Saturday, January 26, 2013
Today is a really sad day. The New Zealand SAR people have made contact with the site, and confirmed that the crash was not survivable. My heart goes out to the family and friends of the all crew members on board, Bob Heath, Mike Denton and Perry Andersen.
That's Bob at the South Pole. He'd commute from Inuvik, which is an amazing adventure on its own. I think this was maybe his 8th season down there, and he was scheduled to return to his family in Inuvik this week. Such a loss.
Bob was also a moderator on an internet aviation forum called AvCanada - he went by the online name of Just Curious. I do that too, and along with a bunch of other dedicated folks, we try to keep the forums running smoothly, which can be tough when wrangling pilots. About a decade ago I asked some of the moderators to say a little something about themselves in order to become better acquainted with a crop of new moderators who had just come online.
Here's what Bob said about himself on April 17th, 2004:
My name's Just Curious and I'm an..... oooops! Wrong Meeting
I call myself just curious, because for the most part, I am not particularly interested in jumping ship, since the only game in town with any stability above where I am now would be to fly seasonally for Conair (Mrs Curious worries about bombers) or WestJet (and I haven't ruled that out. ). In any case, I get to wear a leather jacket to work in the summer, so it's not all bad.
I'm sitting at about 22,000 hours right now. Lots and lots of time on Beeches (90, 10, 99) and the Mighty Twin Otter. About 15,000 between the two. I fly for Kenn Borek in both the Arctic, and Antarctic. This does not necessarily mean that I am bi-polar. Periodically, when I'm not at one end or the other, I will ferry one of our machines from Calgary to Asia, South America, or across Canada.
For the most part my job is flying to one of a dozen Inuit villages in my part of the Arctic, carrying everything you need to keep a small town running. Or tourists to pristine remote locations to raft kayak canoe or climb them. Or... mad scientists to the sea ice, the top of Mt Logan. Everyday is different. Wheels, tundra tires, floats, skis, sometimes all on the same day.
I flew for quite some time in North Western Ontario, doing much the same with more medevacs, only the passengers were predominantly Cree instead of Inuit. Met my wife on a medevac. Turns out customer service skills are useful after all!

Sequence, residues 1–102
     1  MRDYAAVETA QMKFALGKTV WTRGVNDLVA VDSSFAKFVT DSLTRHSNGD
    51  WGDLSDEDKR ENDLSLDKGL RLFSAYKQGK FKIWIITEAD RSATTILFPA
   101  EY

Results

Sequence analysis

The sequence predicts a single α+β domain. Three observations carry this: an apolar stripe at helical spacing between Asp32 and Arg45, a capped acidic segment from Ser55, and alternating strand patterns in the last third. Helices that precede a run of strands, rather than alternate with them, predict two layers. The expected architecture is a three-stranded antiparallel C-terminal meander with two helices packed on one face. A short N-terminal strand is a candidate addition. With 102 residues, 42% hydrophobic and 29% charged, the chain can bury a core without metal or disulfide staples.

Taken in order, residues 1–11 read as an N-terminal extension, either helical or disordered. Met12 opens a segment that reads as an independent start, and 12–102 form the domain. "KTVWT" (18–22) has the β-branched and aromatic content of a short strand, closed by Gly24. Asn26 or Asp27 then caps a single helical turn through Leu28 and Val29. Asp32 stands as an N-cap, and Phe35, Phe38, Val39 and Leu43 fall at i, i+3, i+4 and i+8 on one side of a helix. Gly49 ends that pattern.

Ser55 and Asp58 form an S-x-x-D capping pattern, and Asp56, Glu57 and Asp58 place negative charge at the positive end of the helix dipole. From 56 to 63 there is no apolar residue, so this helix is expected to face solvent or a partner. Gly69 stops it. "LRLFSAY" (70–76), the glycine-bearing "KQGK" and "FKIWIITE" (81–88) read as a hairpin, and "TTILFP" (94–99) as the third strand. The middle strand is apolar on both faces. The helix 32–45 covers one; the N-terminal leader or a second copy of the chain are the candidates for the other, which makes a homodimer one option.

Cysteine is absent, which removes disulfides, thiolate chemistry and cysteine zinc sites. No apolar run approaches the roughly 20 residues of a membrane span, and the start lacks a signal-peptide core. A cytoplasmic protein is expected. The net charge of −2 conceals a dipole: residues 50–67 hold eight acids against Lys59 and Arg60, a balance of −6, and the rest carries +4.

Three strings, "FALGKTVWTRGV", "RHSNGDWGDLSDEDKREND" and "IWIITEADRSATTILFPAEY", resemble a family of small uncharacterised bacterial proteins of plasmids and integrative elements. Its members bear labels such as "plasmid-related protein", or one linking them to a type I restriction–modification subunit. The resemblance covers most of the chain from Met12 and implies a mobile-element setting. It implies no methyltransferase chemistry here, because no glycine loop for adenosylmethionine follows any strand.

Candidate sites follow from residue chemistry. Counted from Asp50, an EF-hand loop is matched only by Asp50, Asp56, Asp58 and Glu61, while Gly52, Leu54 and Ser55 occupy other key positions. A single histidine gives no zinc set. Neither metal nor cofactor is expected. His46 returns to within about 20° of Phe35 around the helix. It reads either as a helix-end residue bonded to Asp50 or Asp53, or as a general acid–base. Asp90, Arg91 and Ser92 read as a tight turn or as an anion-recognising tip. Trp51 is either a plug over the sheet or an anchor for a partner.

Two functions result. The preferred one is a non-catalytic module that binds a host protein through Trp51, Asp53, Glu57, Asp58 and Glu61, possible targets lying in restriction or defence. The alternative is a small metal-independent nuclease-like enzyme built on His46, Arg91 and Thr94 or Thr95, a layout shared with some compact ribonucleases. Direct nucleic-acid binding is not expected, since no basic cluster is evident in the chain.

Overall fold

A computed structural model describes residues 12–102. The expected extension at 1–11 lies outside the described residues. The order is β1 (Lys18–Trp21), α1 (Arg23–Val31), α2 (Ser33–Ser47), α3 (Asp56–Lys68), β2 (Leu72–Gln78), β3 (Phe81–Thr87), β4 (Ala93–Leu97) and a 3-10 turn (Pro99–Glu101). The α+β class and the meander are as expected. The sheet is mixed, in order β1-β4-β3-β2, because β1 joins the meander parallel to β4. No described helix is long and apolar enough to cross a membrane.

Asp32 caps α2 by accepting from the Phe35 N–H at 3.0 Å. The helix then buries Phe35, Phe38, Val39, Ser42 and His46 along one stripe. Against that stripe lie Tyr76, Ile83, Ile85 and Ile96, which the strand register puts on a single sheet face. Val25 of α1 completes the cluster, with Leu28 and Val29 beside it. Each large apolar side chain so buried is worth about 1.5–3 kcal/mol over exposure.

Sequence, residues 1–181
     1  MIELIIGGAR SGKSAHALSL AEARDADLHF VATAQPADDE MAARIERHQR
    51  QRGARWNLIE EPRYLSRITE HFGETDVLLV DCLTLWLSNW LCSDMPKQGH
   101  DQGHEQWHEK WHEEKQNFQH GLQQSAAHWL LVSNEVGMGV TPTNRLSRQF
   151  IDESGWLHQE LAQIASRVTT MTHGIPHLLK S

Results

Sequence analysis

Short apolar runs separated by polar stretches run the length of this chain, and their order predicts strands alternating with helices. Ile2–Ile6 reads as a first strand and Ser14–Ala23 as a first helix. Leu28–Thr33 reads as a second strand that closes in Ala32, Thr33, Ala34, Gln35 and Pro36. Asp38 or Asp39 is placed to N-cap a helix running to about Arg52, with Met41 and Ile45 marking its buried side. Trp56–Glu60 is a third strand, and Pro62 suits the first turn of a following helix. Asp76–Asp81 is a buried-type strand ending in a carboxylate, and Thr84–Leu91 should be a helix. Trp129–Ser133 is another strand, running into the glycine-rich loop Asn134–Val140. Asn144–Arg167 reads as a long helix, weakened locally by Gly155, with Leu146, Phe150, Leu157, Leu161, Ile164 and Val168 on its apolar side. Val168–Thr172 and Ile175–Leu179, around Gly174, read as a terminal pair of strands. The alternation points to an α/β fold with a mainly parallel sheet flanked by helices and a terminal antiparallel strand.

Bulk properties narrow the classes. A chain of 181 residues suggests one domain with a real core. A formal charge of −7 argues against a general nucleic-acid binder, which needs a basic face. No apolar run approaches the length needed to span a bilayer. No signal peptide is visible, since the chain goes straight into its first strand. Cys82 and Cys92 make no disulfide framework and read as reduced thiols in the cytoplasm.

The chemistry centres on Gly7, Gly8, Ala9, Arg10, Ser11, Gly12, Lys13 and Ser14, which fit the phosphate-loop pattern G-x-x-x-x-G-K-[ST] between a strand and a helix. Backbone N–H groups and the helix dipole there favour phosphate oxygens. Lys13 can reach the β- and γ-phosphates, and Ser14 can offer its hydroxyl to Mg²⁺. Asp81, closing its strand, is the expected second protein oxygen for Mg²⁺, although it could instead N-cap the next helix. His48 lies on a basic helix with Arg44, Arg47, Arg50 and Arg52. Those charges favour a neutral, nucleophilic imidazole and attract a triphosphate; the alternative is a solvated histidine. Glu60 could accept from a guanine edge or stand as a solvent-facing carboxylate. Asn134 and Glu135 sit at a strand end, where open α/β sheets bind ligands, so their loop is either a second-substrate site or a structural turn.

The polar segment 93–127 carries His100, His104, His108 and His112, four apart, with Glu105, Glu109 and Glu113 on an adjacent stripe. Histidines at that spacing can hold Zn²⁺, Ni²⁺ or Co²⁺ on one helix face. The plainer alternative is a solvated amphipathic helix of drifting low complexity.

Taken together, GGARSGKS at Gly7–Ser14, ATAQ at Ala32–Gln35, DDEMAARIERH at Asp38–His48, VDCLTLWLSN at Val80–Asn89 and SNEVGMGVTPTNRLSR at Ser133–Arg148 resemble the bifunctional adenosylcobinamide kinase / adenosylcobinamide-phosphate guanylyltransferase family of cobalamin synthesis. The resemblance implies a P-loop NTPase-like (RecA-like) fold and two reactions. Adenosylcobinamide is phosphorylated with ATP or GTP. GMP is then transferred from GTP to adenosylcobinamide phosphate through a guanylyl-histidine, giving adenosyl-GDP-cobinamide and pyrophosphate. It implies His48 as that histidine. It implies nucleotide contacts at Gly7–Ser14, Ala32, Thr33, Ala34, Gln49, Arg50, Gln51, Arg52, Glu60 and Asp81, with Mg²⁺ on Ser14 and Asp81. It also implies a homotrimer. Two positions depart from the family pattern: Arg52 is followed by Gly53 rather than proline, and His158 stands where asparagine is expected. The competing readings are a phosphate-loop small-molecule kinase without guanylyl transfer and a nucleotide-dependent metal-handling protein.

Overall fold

I was in New Brunswick running a really small charter/flying school for five years, living on generic kraft dinner. I was introducing an Flying Scholarship course to the wonderful world of 172's when Les Maike roared down the runway in YCH, spewing bits of an R2800 as the TBM rolled along at 300 knots. I manage to apply the skills of an instructor every day at work. Odd for a bush pilot I know.
I did my commercial and instructor rating at Moncton, before the College programs, aside from Seneca, Con, and Sault. I was a year into university, when I realized I couldn't wait four years to start flying for a living. Of course, I was flying 1000 hours a year when I realized that to do the job of a pilot manager, I had to go back to school. Doing a BComm while flying full-tilt wasn't the easiest thing, but it's something I can apply.
I was an Air Cadet from the time I was 12 (lied about my age.) Did the Tech Training Glider and Power Scholarship, taught gliding for two summers, towed gliders for one summer, and taught the Powered Scholarship for 4 summers. Sadly in the Western Arctic, there are no Air Cadets, only Jr. Rangers...
For the most part, I do training and line indoc of new hires, as well as upgrade training for senior co-pilots, as well as the training and tricks of the trade for captains to be able to fly "off-strip" ie... no runway. Sadly, a lot of the people I flew with over the last decade have gone off to WJ, and I'm too old to try to match drinks with the people I fly with these days.
...In the last 18,000 two crew hours, I've only had two F/Os not really work out, and with both, it was a matter of them maturing, which they finally did, since both are WJ captains now...Come to think of it, I've always had great Nurses Paramedics and Bird-dog officers as well. Musta been lucky.
It's been easy for me to be objective about a lot of the posts on the board. I've got a good job, and I'm home every night when I'm home. If I can help someone else get a good job, or a better one, why not? In the end, when I'm eating my bowl of mush at the Old Folks Home (hopefully in Mexico, or someplace warm ) I won't remember the airplanes as much as the crews I've flown with.
Flying can be a drudgery. I suppose. But flying with a narcoleptic who kept falling asleep on approach to landing atop Mt. Logan, having someone give birth in the back of a Navajo, bailing out an engineer who got arrested in South America (missing passport, woman, alcohol, much screaming, you get the idea) Flying in the Arctic on Monday Golfing in Scotland on Wednesday, and seeing the Pyramids two days later, with a co-pilot who has basically never been out of a small island village in his life... It hasn't been boring. Even today, we did a rescue of a mad scientist and a helicopter pilot who had been out counting polar bears. Oil pressure indication problems had sat them down on the sea ice, with a dozen pissed off bears around when we came in to get'em.
Eventually, I'll retire or drive the big iron, but until then, I remain, just curious,
Godspeed, Bob. You will be missed by everyone who met you, flew with you, and had the benefit of your gentle, humorous wisdom. And that's a whole lot of people.